(Host) In a special series last week and this week, Vermont Public Radio reports on the home-state records of the Democratic presidential candidates. The profiles of the candidates in their home states have been prepared for VPR by public radio station reporters around the country.
Today in our series, Julie Donnelly reports that North Carolina Senator John Edwards built a career on his success as a personal injury lawyer and big ambition.
(Donnelly) In September, John Edwards told a hometown crowd that he doesn’t just want to be their president, he wants to be their advocate.
(Edwards, from September rally) “You know the truth is, folks from here in Robbins don’t have lobbyists in Washington. They don’t have any lobbyists working for them or fighting for them. They count on their government to protect them, to protect their interests. And they deserve a president who goes to work every day, thinking about them, fighting for them, protecting them. That’s the president that the people of Robbins need.” (Sound of crowd cheering.)
(Donnelly) But can a multi-millionaire trial attorney convince average people he’s one of them? Democratic consultant Gary Pearce says don’t count Edwards out.
(Pearce) “I first met him when a friend of mine who’s a judge told me he had a friend who had been successful in law and was interested in running for office, getting into politics. He said he wanted to run for the Senate. I said, Well, state Senate? And he said, Oh no United States Senate. And I said, Well this I gotta see.”
(Donnelly) What Pearce saw was a man of ambition with the warmth to connect with people. Edwards had spent the past 20 years suing doctors and corporations on behalf of injured people. He made North Carolina history in 1993, when he won $23 million for a little girl who lost most of her intestines in an accident with a faulty pool drain.
But for all the people who benefited from Edwards’ legal work, some of those he opposed still feel a sting. Dr. Peter Gentling performed an unnecessary mastectomy because of a lab error. The ensuing lawsuit forced him into early retirement. Gentling says his insurance company’s representative agreed to settle at the mere mention of Edwards’ name.
(Gentling) “She said, This man is exceedingly intelligent, and he is theatrical. There’s a mixture of – not only fact -but a lot of emotion involved. And he’s very good at that. And he sways a jury very thoroughly and very well. And everyone here is afraid of him.”
(Donnelly) Edwards was convincing in the courtroom and he is no less so on the campaign trail. At a Raleigh event for black supporters, he told the audience he couldn’t succeed without them.
(Edwards, from Raleigh event) “I need you not just here in the state of North Carolina. I would love to have you knocking on doors with me in Iowa and New Hampshire. What a good thing for them to open their door in New Hampshire and hear a southern voice on the other side. That’s a good thing.” (Sound of audience laughing, applauding.)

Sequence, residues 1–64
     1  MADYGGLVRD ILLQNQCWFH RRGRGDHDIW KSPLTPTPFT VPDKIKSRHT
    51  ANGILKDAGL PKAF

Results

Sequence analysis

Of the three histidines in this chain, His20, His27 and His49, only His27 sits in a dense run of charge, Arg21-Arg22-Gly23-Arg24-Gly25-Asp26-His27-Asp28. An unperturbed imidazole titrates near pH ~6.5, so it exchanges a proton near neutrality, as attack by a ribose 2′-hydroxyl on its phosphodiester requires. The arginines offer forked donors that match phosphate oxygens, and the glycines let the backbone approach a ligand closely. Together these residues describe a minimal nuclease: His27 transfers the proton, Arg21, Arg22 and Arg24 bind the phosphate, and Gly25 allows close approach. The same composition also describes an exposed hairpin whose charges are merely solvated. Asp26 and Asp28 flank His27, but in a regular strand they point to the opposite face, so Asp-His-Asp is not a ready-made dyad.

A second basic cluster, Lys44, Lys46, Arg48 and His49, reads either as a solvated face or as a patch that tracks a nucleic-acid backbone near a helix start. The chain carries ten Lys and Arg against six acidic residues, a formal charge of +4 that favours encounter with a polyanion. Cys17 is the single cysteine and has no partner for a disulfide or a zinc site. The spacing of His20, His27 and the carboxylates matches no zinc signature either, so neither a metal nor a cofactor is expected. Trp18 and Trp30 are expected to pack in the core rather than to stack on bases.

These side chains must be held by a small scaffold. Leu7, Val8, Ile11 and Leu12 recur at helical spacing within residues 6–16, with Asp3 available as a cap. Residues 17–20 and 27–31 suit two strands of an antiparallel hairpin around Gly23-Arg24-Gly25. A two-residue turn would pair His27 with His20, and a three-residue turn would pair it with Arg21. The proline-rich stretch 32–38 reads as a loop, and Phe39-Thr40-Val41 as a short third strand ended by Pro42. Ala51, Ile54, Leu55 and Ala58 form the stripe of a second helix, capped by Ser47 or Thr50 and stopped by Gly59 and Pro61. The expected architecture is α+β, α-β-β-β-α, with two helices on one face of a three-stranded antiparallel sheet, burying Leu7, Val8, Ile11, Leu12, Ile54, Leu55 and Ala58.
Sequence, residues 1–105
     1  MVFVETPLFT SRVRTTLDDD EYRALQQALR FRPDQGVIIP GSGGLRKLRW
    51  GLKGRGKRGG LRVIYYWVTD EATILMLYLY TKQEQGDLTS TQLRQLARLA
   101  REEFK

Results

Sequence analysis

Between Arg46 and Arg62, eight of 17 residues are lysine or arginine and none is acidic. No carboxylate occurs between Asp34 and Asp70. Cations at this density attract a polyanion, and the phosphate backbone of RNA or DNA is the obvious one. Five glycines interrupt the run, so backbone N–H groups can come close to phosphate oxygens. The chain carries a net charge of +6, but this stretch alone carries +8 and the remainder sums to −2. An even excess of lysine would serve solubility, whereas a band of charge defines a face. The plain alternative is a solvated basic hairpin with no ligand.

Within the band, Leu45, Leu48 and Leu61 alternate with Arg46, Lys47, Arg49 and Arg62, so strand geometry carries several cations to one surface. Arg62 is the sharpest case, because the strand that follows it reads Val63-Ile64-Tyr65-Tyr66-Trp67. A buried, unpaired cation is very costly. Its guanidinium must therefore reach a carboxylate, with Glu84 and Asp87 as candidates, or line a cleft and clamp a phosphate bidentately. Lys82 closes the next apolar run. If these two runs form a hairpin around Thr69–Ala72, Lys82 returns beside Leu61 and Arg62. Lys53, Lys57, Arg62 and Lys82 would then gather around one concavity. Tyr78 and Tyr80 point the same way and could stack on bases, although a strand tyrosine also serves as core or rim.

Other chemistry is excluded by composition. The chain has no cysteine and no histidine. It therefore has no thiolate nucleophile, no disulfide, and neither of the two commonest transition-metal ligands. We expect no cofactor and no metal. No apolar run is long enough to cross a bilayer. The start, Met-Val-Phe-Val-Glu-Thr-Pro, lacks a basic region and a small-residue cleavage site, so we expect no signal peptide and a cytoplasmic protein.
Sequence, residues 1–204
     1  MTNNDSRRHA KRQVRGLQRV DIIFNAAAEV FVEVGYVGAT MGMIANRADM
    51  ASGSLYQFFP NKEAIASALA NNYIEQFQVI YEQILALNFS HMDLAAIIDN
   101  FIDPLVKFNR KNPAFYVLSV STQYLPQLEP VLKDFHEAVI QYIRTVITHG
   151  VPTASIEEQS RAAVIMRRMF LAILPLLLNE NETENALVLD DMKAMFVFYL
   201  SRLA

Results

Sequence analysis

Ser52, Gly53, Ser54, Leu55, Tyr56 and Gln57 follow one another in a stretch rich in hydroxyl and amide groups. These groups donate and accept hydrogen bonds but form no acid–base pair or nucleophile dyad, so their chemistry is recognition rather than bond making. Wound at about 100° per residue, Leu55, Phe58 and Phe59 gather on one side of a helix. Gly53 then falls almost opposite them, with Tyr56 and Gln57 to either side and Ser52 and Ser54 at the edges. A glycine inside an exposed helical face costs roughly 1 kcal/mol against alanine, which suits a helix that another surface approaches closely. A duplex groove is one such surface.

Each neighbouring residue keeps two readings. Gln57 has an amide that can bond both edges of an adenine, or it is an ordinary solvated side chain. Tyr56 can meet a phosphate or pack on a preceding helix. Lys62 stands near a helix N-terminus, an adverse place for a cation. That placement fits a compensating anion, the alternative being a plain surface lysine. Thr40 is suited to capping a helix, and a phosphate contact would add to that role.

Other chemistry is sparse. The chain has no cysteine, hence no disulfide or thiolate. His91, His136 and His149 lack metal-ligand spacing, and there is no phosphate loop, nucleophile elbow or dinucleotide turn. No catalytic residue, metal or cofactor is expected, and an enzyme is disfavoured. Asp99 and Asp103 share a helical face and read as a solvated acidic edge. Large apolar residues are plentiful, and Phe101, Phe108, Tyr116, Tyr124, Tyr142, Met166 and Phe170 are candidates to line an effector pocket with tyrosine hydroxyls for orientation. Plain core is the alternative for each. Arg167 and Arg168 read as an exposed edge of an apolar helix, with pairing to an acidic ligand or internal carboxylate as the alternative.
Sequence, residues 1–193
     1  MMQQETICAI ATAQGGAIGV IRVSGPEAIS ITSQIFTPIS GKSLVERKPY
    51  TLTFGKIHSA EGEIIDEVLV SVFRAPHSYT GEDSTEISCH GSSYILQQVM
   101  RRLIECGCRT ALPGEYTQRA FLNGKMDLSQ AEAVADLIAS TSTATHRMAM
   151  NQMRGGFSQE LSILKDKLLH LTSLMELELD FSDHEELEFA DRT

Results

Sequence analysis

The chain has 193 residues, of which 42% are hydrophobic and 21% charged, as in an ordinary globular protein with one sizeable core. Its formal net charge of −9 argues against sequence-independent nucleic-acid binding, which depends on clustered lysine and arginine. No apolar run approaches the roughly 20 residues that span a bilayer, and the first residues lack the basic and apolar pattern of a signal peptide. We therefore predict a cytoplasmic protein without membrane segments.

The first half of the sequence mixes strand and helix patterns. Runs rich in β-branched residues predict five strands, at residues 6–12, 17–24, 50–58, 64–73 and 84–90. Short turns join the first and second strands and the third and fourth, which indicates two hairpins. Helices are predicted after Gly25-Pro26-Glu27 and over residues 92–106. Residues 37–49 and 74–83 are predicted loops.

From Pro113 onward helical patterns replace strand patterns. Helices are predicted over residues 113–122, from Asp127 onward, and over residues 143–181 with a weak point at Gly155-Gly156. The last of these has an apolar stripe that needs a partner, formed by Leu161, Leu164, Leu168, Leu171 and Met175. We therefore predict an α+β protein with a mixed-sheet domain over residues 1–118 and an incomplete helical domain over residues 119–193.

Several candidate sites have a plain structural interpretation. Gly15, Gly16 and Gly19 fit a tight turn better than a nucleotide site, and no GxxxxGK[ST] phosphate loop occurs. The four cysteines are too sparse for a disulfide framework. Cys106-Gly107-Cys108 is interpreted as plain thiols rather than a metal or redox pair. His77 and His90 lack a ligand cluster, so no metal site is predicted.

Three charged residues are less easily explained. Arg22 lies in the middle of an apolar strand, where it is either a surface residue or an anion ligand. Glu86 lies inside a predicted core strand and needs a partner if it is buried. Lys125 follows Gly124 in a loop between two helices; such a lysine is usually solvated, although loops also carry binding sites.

(Donnelly) Edwards worked hard to increase black voter turnout when he ran in 1998 and he got 90 percent of those votes. Some supporters plan to travel to South Carolina for that state’s early primary. John Edwards must win it to remain viable, and 40 percent of the Democratic voters there are black. North Carolina’s NAACP President Skip Alston plans to make the trip across the border.
(Alston) “I don’t know that much about Mr. Dean and the rest of the candidates, but John Edwards knows what it’s like to have to work for a real living. And that people know him and respect him.”
(Donnelly) One issue Edwards did not mention in this setting is Iraq. A majority of black voters continue to oppose military action there. But supporters like Alston say they’re willing to overlook the fact that Edwards voted with the president.
(Alston) “He did was he thought was right at that particular time. Hindsight is 20/20, and if he knew what we know now, I don’t think he would have ever supported it. Because, he wouldn’t have been for sending our people over there for a unjust war at this point.”
(Donnelly) Despite support from black voters, the overall response to Edwards’ presidential bid was initially lukewarm. When he began campaigning last January, polls found that less than 40 percent of North Carolina voters supported his run.
Back home in Robbins, even supporters like 90-year-old Myrtle Hall are concerned about his chances.
(Hall) “I wish that he’d waited four more years. I think it would have helped him. I’m afraid he’ll get beat. But I’m for him all the way.”
(Donnelly) John Edwards doesn’t share her worries. He’s confident he can come out of nowhere to win, because he’s done it before.
For the Home-State Record Project, I’m Julie Donnelly.
(Host) On Tuesday in the next to the last part of our series on the Democratic presidential candidates, we’ll hear about the home-state record of the Reverend Al Sharpton.